Medicare Prescription Program: Answering Your Questions
As shown in the box below, the deadline for enrolling in the Medicare Part D Prescription Drug Program for this year is May 15, 2006. For some people, however, the big issues still are "Should I enroll in Medicare Part D?"and "If so, how do I enroll?"The following questions and answers will guide you in understanding whether the program is right for you and how to enroll in it.
Do you currently have prescription drug coverage through your employer or through a retirement plan?
If the answer is yes, then the program you currently have most likely gives you better coverage than Medicare Part D can offer?unless you fall into one of the low-income categories. If you do, then Medicare Part D may be a good option for you. You must compare the monthly premiums and copays for your current plan with the monthly premiums and copays offered by the Medicare Part D low-income plan.
Your current plan must send you a letter that states whether its prescription coverage is "creditable"or "not creditable."Creditable means that your current prescription coverage is at least as good as the minimum benefit that Medicare has to offer. If your current coverage is creditable and you do not fit in the Medicare low-income category, you do not need to sign up for the new Medicare benefit. Be sure to keep this letter for your records, because you may need it in the future.
Although your current coverage may be much better than what Medicare can offer, you also must keep in mind that your insurance company may choose not to cover you in the future because you can be covered by the Medicare prescription drug program. At that point, when Medicare Part D is your only option, you may be faced with premium penalties for waiting to enroll. (The penalties are a 1% increase in the monthly premium for every month you delay in enrolling after you are eligible, unless you are still working and are covered by your employer's program.)
You will not be penalized as long as you have creditable coverage from your current insurance carrier. Your letter from your insurance company that describes your current coverage as creditable will be your proof to avoid any penalties from Medicare.
If you do not now have prescription drug coverage, then Medicare Part D is a great option for you. Your cost savings for drugs will vary, based on your income status and the number of medications you are taking.
Some people who are eligible for Medicare Part D may choose not to participate in the plan because they are currently not taking any prescription drugs. By not enrolling when they are eligible, however, they run the risk of much higher premiums if they have to take these drugs in the future.
Also, some people who are eligible for Medicare Part D presently receive prescription assistance through state programs or through pharmaceutical company programs. These programs are no longer offered to people who are eligible for Medicare Part D, starting in January 2006.
Now that you have decided to enroll, how do you enroll?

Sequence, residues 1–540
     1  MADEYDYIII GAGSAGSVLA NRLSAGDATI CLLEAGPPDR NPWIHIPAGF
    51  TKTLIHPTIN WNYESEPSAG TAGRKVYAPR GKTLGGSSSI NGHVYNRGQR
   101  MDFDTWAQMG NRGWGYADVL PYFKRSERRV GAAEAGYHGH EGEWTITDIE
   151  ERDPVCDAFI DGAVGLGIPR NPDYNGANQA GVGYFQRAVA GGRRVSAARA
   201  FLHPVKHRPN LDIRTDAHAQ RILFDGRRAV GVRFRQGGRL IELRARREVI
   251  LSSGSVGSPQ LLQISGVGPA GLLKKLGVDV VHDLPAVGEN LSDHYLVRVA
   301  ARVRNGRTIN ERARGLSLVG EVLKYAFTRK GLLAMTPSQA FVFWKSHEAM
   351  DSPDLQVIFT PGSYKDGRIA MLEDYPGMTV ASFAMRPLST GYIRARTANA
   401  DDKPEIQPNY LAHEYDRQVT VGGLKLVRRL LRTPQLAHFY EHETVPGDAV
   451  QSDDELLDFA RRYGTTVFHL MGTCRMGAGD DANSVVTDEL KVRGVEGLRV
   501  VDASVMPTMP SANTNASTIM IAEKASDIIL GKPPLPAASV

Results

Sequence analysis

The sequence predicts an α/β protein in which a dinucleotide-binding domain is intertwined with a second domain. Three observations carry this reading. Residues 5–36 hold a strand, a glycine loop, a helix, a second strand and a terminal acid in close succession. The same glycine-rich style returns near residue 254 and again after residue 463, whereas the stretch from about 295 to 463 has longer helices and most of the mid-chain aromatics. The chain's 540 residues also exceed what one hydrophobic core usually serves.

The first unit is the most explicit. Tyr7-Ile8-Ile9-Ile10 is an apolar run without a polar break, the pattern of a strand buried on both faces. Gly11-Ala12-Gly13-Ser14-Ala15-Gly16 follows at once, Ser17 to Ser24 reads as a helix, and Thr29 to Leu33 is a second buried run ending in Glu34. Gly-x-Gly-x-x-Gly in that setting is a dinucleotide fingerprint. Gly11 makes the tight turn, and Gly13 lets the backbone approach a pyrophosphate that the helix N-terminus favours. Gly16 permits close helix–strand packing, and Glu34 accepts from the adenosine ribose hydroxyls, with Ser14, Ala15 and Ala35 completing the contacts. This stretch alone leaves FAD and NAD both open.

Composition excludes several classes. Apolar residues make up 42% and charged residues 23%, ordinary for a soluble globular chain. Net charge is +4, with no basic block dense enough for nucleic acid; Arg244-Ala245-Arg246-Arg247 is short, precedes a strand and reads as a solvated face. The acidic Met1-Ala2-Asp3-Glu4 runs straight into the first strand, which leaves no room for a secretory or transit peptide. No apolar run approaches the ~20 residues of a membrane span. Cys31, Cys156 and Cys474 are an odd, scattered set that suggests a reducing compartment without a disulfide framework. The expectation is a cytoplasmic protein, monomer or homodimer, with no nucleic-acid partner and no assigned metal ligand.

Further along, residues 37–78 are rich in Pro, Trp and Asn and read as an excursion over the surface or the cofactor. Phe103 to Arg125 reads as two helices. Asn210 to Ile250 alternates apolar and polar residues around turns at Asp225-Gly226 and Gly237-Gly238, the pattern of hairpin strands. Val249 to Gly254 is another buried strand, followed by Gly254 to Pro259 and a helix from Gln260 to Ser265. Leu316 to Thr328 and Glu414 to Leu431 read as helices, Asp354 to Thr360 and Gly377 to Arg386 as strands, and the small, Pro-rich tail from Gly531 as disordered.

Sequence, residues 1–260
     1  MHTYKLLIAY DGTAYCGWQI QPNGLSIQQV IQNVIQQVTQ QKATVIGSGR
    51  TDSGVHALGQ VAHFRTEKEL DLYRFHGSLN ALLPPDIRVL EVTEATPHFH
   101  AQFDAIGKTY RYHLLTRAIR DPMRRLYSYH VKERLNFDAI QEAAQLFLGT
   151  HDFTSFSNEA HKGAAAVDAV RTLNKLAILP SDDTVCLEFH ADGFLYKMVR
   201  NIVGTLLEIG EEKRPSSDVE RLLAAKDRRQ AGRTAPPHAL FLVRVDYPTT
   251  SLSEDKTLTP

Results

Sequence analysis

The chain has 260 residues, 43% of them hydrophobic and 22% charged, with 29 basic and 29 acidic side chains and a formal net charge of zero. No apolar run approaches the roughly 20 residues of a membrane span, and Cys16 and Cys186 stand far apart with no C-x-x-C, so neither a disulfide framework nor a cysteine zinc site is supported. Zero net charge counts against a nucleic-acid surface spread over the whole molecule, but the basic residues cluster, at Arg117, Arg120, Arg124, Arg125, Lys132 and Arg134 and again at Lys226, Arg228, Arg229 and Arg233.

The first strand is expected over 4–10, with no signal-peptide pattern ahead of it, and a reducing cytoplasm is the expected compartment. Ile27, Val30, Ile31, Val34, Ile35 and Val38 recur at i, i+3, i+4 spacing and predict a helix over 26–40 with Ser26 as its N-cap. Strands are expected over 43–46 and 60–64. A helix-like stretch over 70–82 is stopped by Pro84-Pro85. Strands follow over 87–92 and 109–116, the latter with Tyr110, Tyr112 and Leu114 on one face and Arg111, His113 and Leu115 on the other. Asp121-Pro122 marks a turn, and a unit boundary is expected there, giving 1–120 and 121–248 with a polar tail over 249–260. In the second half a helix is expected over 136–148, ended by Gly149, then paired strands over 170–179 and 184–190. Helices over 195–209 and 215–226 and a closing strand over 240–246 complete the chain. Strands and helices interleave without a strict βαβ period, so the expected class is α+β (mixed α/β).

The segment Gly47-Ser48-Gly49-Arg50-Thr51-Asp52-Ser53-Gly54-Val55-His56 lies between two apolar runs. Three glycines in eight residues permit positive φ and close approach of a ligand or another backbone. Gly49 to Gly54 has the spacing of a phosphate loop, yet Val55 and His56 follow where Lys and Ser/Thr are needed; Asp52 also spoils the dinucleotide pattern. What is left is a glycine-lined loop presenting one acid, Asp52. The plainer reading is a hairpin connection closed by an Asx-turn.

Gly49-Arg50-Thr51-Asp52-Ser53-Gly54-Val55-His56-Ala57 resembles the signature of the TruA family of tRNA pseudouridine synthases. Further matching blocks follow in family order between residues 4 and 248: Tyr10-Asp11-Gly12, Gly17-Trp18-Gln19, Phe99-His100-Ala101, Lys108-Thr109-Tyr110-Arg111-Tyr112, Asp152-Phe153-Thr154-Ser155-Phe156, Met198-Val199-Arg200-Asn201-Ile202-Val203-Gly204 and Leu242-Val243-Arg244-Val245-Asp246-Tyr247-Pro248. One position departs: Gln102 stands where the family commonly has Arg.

If you are eligible for both Medicaid and Medicare, you are automatically enrolled in the new program. Because you are automatically enrolled, you will not know what plan you have been assigned to. You will not have to know your new plan to receive coverage. Your pharmacy can look up your plan and process your prescription coverage for you. There should be no difference between your current Medicaid coverage and the new Medicare coverage.
For everyone else, enrollment began on November 15, 2005. Enrollment forms were sent out to all eligible people sometime in October. The forms also are posted on the Web at www.Medicare.gov.
To enroll in the program for 2006, you must fill out your enrollment form and send it back as soon as possible. If your income falls within certain limits and you have savings (or assets) of less than $10,000 (for single people) and less than $20,000 (for couples), then you qualify for the low-income assistance. You must complete the application for this benefit. If you are eligible for the standard benefit (with no limit on income or assets), you will have to complete the standard application.
The most difficult part of enrolling is deciding which plan within the Medicare Part D program to choose. The plans differ in the drugs that are on their list, or formulary. (Formulary means the drugs that the plan will cover.) To find the best fit, you must match the medications you are currently taking with a plan that covers the majority of your medications.
You will have to look at different plans individually. Then choose the plan that fits your budget, while also covering most of the medications that you are taking.
This part of enrolling can be very confusing. You should use any resources available to you to help you in this process.
Please contact any of the agencies listed below for further information about enrollment. Also, remember that your local pharmacist is a great resource for answers to questions about Medicare Part D.
Dr. Downing is a clinical pharmacist with Kerr Drug.